--Investors lock in profits from recent rally ahead of central-bank meetings
--U.S. Federal Reserve, European Central Bank top week's busy monetary agenda
--Ibovespa stock index closes 2.0% lower at 56,097 points
By Jeff Fick
RIO DE JANEIRO--Brazilian blue-chip shares closed lower Tuesday as investors locked in profits ahead of a series of central-bank meetings in Europe and the U.S. after lackluster economic data failed to boost sentiment.
The Ibovespa stock index closed down 2.0% at 56,097 points. Trading volume was moderate to heavy at 6.71 billion Brazilian reais ($3.28 billion). Despite the downturn, the index still held onto a gain of 3.2% for July, the index's first winning month since February.
Investors took profits after the recent rally sparked by comments from European Central Bank President Mario Draghi, who said last week he would do "whatever it takes" to preserve the euro. While investors took the comment as a sign that political leaders were willing to resolve the EU's ongoing sovereign-debt crisis, now the focus is on results out of the ECB's meeting Thursday. Markets are looking for possible interest-rate cuts or fresh bond purchases to prop up activity in the common-currency bloc.
The U.S. Federal Reserve also ends its two-day meeting Wednesday, with many anxiously awaiting the Fed's statement and signs of a potential new round of asset purchases, also known as "quantitative easing."
Data releases at home and abroad also failed to excite investors. While unemployment in the European Union climbed to a record high in June, home prices in the U.S. rose for a second-consecutive month in May, according to Standard & Poor's Case-Shiller home-price indexes. U.S. consumer confidence also rose more than expected in July, while personal incomes increased in June.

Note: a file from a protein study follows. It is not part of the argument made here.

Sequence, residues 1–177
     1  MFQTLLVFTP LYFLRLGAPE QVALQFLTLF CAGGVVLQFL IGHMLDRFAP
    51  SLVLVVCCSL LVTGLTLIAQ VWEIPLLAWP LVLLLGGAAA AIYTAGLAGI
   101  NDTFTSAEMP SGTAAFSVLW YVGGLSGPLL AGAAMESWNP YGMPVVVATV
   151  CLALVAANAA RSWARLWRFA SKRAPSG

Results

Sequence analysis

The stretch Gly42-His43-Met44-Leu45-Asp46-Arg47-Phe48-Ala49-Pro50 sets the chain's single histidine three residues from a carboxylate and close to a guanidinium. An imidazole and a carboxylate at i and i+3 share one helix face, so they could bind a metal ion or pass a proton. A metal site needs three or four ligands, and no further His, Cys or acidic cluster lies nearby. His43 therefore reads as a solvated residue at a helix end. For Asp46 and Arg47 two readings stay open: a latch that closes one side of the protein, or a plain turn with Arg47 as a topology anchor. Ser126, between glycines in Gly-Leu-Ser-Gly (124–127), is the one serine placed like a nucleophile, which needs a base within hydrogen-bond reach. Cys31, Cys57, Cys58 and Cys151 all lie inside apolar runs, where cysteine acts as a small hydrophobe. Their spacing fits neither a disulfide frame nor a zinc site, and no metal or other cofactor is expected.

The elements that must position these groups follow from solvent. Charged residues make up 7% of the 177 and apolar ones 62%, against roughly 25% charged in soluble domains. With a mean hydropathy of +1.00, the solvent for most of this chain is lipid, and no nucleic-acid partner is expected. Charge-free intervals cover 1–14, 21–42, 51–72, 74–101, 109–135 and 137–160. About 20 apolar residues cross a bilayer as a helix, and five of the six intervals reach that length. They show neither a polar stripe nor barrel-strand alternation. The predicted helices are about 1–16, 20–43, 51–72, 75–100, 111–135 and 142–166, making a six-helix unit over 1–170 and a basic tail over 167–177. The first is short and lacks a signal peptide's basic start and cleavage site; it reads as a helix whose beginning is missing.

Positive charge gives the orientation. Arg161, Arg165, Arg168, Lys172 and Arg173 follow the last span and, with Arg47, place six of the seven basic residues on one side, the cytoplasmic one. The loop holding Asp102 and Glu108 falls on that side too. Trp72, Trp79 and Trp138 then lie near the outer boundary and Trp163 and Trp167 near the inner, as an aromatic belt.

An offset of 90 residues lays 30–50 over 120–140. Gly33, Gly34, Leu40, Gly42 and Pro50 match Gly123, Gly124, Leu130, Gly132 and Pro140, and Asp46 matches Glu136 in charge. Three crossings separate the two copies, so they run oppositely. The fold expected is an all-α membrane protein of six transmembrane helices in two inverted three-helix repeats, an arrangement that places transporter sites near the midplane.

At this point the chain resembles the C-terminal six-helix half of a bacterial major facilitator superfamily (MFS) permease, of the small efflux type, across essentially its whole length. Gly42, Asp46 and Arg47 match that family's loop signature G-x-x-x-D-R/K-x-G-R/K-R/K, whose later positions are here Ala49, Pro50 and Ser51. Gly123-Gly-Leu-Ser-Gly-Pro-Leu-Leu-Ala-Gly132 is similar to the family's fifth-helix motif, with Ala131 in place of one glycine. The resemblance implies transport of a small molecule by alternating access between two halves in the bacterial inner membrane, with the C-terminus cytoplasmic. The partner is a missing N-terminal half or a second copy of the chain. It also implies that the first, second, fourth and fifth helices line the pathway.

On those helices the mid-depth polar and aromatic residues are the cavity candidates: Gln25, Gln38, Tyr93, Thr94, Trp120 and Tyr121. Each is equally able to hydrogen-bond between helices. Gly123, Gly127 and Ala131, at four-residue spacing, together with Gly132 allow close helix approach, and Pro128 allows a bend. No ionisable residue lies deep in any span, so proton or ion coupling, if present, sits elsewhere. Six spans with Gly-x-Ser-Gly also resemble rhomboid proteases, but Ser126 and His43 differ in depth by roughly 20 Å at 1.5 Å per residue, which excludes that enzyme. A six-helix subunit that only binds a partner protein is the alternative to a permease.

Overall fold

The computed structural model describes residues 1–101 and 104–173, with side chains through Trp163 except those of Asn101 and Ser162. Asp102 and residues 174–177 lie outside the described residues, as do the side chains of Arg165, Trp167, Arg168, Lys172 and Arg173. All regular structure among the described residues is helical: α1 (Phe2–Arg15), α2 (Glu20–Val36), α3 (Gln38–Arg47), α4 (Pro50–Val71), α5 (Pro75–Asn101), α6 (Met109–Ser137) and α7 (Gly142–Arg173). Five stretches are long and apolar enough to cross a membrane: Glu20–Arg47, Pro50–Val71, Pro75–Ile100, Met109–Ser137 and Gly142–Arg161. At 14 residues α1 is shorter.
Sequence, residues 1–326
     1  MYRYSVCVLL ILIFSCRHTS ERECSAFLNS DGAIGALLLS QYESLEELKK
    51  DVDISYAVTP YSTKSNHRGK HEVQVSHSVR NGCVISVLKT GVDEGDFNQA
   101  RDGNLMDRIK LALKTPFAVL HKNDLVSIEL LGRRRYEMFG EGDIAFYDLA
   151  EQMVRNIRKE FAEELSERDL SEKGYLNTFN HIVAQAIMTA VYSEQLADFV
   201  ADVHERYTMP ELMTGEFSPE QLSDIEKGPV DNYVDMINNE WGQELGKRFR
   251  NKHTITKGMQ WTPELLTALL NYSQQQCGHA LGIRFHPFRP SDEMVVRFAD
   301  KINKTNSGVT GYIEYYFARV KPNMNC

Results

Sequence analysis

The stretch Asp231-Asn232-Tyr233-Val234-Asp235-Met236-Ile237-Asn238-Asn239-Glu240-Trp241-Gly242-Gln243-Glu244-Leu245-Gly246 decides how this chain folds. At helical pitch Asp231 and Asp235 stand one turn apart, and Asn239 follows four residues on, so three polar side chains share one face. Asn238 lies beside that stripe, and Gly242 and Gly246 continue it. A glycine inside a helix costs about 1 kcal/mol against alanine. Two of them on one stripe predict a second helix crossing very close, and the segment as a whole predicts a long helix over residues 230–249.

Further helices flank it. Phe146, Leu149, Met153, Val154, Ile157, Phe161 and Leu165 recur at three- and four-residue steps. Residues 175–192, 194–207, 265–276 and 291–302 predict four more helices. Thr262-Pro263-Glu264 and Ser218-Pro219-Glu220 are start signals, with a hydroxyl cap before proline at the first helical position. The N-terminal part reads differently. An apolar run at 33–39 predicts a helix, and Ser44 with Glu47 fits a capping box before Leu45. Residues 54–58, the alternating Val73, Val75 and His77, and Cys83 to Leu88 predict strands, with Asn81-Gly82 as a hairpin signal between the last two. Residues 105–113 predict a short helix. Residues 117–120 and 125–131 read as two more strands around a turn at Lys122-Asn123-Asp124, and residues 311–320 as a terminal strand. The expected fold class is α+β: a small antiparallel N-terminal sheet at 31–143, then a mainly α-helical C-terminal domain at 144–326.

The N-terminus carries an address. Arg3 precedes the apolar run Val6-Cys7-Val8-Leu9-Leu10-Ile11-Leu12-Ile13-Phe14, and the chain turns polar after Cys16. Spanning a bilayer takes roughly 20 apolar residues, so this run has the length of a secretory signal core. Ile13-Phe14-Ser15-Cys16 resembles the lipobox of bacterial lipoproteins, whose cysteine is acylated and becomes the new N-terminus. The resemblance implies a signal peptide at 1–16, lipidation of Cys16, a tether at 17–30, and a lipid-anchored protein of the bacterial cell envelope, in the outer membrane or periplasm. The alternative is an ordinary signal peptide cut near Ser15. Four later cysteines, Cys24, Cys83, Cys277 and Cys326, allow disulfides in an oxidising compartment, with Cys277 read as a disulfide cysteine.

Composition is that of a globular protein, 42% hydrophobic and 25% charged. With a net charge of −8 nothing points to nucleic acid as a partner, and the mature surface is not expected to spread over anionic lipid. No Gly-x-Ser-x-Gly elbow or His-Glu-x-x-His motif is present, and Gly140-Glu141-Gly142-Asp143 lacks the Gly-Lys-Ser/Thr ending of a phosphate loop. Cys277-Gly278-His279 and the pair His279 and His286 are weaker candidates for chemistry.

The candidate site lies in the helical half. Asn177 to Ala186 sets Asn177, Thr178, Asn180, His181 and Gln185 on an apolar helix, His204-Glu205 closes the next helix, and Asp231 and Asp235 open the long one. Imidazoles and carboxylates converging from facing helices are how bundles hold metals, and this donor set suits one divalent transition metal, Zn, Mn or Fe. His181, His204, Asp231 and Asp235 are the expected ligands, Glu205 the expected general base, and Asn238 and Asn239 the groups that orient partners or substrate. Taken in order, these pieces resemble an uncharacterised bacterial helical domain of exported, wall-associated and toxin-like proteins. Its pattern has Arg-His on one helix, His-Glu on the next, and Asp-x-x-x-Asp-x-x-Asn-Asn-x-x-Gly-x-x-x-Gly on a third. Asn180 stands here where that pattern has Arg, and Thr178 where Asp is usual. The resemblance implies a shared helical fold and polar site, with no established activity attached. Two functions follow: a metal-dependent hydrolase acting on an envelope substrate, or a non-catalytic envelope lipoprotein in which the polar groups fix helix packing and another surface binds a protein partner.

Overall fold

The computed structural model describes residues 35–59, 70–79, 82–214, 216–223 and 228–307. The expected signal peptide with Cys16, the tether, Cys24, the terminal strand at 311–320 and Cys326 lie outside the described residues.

In Brazil, inflation continued to creep higher as the country's producer price index advanced for a fourth-consecutive month in June. That brought the IPP's rolling 12-month rate to 6.66% as food prices continued climbing, an ominous sign given that food prices are typically tame in Brazil in the period after the fall harvest.
Food prices have advanced as the U.S. drought affects production in the world's largest corn grower. Inflationary pressures in Brazil, meanwhile, could throw a wrench into the Brazilian Central Bank's plans to keep lowering interest rates and spark activity in Latin America's largest economy.
Brazilian blue-chip shares were mostly lower.
Lower international oil prices undercut shares of local petroleum companies, with volume leader Petroleo Brasileiro (PBR, PETR4.BR), or Petrobras, slipping 3.9% to BRL19.50 per share. Independent driller OGX Petroleo e Gas Participacoes (OGXP3.BR, OGXPY) fell 2.9% to BRL5.65. Natural-gas producer QGEP Participacoes (QGEP3.BR) was 1.9% lower at BRL9.01, while start-up HRT Participacoes em Petroleo SA (HRTP3.BR) was down 1.0% to BRL4.98.
Miner Vale SA (VALE, VALE5.BR), the world's largest iron-ore producer and second-largest nickel producer, decreased 0.8% to BRL36.40. Small iron-ore producer MMX Mineracao e Metalicos (MMXM3.BR) lost 4.7% to BRL5.72.
Aircraft maker Embraer (ERJ, EMBR4.BR) added 0.3% to BRL13.14 after company officials said in a conference call that it had revised upward its estimate for earnings before interest, taxes, depreciation and amortization, or EBITDA, this year. Embraer expects EBITDA of between $720 million and $840 million this year, compared with a previous estimate of $670 million to $780 million.
Flat steel maker Usiminas (USIM5.BR) led gainers, surging 5.3% to BRL7.38 a share despite posting a second-quarter net loss of BRL87 million, reversing a year-earlier gain. But the loss was attributed primarily to foreign-exchange factors, with the company showing some signs of improvement in other areas. Integrated company Companhia Siderurgica Nacional (SID, CSNA3.BR), or CSN, added 3.3% to BRL10.53, while long steel maker Gerdau (GGB, GGBR4.BR) gained 0.2% to BRL18.62.
Write to Jeff Fick at Jeff.Fick@dowjones.com
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